Basically, for the organization, we only communicated on WhatsApp. I told him which parks we wanted to see and how long we wanted to stay in each. He asked me if we wanted to do it in Land Cruiser just my mom and I or if we wanted to do it in a van with other people. The difference of price wasn’t much so we decided to do it just the two of us and that was the best thing to do! I will talk about transportation a bit later.
Once we agreed on the dates and everything, we sent Kassim a down payment of 160 euros through Western Union and that was it.
He booked for us all the accomodation for the five days, we really had nothing to do but wait. And book the flights. And the hotel for the first night in Nairobi. And the hotel in Diani Beach for the after-safari stay. But that’s it.
Before going to Kenya…
Vaccination: Depending where you live, the vaccination against the Yellow Fever is or is not mandatory. Living in the United Arab Emirates, I had to do it (even though no one checked that I did it 🤷🏼♀️), but for Europe and North America it is not mandatory, just highly recommended as far as I know.
After going with no appointment to Al Barsha Health Center and being told that an appointment is required (contrary to what is written on their website), I went to Union Medical Centre (also called Al Etihad Medical Centre) which is located 10 minutes walking from Business Bay metro station, seaside. No need for appointment, very nice staff there. It is 300AED and you can pay cash or card. I stayed there like one hour but only because the doctor was veeeery talkative, otherwise I think it can be done in 40 minutes.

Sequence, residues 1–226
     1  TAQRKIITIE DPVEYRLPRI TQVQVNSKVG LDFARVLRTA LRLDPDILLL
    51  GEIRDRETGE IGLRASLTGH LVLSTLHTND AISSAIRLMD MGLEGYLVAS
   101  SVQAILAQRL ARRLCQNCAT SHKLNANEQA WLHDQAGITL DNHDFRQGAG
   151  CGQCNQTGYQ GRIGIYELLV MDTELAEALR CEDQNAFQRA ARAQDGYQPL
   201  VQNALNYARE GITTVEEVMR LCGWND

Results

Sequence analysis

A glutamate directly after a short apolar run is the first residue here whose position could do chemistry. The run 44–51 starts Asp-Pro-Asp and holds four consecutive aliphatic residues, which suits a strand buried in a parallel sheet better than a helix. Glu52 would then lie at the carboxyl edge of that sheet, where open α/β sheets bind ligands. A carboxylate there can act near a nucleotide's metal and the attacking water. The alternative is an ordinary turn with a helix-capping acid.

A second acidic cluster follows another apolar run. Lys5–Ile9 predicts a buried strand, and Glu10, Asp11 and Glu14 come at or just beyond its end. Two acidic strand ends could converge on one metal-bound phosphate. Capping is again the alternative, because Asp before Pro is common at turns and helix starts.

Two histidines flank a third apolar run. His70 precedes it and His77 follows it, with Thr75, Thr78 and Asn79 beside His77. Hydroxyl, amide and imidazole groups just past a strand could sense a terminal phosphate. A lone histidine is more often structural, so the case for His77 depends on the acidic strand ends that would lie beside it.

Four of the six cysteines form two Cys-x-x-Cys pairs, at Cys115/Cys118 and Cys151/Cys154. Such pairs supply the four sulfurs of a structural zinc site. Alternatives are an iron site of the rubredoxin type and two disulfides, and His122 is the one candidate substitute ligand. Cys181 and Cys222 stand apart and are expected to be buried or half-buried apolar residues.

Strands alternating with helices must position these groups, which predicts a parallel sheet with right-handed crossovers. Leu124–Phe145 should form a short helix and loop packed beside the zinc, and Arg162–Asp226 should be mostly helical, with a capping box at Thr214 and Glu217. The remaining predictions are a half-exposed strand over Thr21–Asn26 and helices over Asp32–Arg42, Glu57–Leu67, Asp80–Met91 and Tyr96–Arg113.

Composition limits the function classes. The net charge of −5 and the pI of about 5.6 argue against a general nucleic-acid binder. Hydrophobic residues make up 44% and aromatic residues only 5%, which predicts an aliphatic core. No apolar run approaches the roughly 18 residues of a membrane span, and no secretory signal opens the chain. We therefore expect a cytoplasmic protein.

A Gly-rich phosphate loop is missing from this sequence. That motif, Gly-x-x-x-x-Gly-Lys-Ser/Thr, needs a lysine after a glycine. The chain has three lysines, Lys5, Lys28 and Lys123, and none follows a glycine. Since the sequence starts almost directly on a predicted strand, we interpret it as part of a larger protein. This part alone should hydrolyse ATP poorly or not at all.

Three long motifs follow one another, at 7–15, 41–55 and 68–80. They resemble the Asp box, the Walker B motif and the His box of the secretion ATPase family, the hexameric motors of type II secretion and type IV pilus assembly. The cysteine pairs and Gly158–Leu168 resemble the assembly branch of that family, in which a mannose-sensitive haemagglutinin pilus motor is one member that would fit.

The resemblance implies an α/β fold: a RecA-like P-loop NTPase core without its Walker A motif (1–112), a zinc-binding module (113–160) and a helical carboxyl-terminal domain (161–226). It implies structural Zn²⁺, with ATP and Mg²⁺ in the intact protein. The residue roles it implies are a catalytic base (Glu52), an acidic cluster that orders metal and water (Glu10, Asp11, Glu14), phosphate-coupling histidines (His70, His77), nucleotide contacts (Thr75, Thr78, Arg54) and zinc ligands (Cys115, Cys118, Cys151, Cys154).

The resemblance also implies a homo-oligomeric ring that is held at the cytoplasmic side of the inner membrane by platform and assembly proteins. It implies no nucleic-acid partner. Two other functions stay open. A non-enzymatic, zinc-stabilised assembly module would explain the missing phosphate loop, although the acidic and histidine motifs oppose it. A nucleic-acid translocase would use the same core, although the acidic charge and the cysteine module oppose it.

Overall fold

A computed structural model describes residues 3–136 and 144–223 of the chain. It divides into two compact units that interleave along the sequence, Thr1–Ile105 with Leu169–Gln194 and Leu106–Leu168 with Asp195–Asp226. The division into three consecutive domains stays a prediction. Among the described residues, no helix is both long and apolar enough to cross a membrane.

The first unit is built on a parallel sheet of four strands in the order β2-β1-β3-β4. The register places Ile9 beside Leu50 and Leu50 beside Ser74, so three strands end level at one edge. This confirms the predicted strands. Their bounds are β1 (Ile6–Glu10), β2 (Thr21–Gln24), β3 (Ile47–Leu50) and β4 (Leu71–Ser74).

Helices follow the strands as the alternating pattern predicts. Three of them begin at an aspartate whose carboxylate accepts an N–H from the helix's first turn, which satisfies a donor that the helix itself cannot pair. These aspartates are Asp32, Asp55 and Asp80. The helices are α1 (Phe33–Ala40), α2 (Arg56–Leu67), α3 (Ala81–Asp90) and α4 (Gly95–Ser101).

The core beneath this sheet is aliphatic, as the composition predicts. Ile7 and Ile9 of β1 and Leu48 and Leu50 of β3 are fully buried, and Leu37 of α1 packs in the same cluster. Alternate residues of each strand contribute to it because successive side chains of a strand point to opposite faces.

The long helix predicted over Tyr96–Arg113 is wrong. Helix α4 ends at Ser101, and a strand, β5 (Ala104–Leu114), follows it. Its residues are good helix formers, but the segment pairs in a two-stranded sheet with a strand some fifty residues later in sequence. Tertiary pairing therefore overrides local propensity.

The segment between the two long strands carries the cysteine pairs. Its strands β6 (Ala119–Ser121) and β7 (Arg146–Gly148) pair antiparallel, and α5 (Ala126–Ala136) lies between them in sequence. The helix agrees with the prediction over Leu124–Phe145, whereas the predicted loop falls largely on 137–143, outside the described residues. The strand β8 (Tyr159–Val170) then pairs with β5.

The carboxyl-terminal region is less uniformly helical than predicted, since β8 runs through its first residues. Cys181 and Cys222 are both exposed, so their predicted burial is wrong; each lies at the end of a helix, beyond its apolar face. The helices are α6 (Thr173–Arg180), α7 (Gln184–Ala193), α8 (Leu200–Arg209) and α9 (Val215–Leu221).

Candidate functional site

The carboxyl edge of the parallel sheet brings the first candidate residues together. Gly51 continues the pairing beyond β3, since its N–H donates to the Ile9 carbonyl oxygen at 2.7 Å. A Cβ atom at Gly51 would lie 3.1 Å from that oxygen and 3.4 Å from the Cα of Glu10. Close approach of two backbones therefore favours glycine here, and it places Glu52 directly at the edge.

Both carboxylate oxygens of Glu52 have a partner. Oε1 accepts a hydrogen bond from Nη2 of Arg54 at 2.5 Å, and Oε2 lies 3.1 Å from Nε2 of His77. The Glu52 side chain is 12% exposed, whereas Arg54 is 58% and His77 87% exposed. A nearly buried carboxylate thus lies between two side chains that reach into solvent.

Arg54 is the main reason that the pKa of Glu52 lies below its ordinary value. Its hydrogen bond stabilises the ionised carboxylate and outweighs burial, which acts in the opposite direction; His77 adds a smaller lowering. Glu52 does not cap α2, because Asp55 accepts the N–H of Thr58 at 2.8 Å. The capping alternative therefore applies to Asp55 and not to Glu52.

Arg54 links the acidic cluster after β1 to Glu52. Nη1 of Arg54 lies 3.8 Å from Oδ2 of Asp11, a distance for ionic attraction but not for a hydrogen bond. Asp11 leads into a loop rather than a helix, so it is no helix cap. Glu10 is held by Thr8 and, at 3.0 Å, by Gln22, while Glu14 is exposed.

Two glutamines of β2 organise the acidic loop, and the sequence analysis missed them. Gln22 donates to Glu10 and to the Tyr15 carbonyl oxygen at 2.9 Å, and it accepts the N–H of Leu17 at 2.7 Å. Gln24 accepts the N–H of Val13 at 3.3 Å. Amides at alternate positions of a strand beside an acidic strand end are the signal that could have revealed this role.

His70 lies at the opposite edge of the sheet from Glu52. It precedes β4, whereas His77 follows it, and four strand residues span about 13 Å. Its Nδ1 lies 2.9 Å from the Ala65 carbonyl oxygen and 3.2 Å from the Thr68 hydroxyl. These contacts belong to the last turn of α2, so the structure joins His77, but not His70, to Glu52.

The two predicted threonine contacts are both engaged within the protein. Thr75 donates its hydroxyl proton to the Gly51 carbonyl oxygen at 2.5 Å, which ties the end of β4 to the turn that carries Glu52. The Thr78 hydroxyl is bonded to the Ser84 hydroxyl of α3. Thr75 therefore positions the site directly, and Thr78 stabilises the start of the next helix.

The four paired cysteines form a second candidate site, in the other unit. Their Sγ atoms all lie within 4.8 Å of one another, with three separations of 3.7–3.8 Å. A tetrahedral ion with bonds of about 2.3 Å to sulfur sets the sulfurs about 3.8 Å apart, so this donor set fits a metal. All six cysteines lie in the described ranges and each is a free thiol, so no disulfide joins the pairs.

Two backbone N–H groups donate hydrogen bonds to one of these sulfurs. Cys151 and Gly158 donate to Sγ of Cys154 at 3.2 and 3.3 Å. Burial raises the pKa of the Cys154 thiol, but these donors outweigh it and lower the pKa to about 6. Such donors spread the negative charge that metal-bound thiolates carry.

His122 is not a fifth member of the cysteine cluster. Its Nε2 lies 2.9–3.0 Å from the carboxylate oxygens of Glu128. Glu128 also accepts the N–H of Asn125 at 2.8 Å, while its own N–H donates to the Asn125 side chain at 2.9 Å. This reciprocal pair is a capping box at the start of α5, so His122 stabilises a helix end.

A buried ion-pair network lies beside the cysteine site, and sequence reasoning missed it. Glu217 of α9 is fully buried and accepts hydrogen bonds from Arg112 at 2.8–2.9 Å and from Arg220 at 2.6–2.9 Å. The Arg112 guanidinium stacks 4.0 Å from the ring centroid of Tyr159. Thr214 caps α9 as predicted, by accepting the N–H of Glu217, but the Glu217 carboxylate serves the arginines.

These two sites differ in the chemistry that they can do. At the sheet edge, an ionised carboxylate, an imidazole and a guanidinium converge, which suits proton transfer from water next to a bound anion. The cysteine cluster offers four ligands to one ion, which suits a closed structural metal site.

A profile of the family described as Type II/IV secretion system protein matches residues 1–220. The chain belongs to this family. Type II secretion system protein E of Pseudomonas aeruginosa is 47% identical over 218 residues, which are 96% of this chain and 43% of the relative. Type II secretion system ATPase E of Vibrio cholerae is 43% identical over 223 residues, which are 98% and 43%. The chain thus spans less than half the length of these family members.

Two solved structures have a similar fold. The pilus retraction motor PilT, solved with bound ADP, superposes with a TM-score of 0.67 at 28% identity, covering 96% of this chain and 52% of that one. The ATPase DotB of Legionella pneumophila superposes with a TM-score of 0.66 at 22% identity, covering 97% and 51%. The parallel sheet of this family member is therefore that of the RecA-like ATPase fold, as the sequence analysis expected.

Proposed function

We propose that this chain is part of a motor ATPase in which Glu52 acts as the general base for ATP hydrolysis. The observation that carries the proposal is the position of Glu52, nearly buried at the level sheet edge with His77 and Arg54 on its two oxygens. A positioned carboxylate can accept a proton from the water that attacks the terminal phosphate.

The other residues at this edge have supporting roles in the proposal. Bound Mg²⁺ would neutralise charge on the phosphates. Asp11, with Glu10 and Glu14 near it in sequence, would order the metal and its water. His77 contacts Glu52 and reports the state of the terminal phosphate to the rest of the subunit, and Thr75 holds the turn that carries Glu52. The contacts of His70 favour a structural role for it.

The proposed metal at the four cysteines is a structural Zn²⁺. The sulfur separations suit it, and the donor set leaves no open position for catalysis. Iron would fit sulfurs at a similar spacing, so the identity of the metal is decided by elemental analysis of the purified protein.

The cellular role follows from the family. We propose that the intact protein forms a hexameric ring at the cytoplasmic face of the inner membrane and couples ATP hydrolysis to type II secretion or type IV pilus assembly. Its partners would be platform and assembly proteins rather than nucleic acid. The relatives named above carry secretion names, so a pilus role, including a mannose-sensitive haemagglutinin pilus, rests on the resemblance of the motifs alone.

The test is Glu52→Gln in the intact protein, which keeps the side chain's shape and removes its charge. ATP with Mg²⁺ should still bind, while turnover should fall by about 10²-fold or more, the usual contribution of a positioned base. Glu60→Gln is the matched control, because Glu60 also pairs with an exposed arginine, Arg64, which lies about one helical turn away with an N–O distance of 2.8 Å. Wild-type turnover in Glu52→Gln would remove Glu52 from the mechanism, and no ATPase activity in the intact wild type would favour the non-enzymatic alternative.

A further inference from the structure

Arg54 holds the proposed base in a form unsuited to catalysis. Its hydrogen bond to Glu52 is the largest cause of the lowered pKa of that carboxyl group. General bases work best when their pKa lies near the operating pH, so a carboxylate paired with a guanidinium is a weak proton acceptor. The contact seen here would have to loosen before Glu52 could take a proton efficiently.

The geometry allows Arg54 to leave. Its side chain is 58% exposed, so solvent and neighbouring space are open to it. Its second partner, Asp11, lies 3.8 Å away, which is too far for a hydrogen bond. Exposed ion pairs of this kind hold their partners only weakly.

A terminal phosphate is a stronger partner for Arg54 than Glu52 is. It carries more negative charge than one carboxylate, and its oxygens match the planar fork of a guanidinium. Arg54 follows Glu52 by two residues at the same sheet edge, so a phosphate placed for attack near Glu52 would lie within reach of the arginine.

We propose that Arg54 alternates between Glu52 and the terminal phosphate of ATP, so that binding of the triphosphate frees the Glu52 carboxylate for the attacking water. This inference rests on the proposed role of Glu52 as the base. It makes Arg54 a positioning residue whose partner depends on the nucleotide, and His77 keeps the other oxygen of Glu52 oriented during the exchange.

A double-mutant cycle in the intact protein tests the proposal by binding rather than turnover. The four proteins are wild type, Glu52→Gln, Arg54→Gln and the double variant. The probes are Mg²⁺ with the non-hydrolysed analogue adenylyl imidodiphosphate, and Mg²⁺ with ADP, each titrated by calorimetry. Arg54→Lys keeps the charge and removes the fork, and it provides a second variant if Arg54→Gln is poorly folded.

Visa: The visa can be done online or at the Kenyan Embassy of your residency country. I did it online for 200AED, it was very easy and I got my Evisa within a few days only. Entering Kenya from Nairobi airport was easier with an E-visa, compared to my mom who had her passport stamped by the Kenyan Embassy before we travelled. You can/must to do it through the official govornmental website: http://evisa.go.ke. I wouldn’t advise to try any other website but it is up to you.
Is a safari like visiting a zoo?
Nooooo! Nope, it’s not! A few years back I pledged to PETA to never enter a zoo again in my life and I wish every one could do the same. Zoos and water parks are such a shame! And I hope this quarantine could make people realize what it is to be locked all day long, every day, in a confined space. Anyway, let’s focus on our subject.
When going for a safari, you are entering the animals’ kingdom. Even though they are living in national parks, there are no fences, no cages, no rules imposed by the humans. The animals are completely free to walk and run with no limits, they hunt, play and rest in their natural habitat. The rangers impose a distance limit to which we can approach the animals in order to not disturb them. Being honest with you, at some point we were like 10 cars around a group of five cheetahs and I really felt bad. But the rest of the time we were alone in the parks and saw the animals from a respectful distance.